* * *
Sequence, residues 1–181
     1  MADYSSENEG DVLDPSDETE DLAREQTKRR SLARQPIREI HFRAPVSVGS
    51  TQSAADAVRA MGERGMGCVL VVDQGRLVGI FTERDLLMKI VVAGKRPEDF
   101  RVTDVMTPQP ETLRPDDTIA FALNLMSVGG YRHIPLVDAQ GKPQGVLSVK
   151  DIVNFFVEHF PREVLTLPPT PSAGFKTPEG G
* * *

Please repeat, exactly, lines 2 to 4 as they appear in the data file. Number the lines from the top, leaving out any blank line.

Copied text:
     1  MADYSSENEG DVLDPSDETE DLAREQTKRR SLARQPIREI HFRAPVSVGS
    51  TQSAADAVRA MGERGMGCVL VVDQGRLVGI FTERDLLMKI VVAGKRPEDF
   101  RVTDVMTPQP ETLRPDDTIA FALNLMSVGG YRHIPLVDAQ GKPQGVLSVK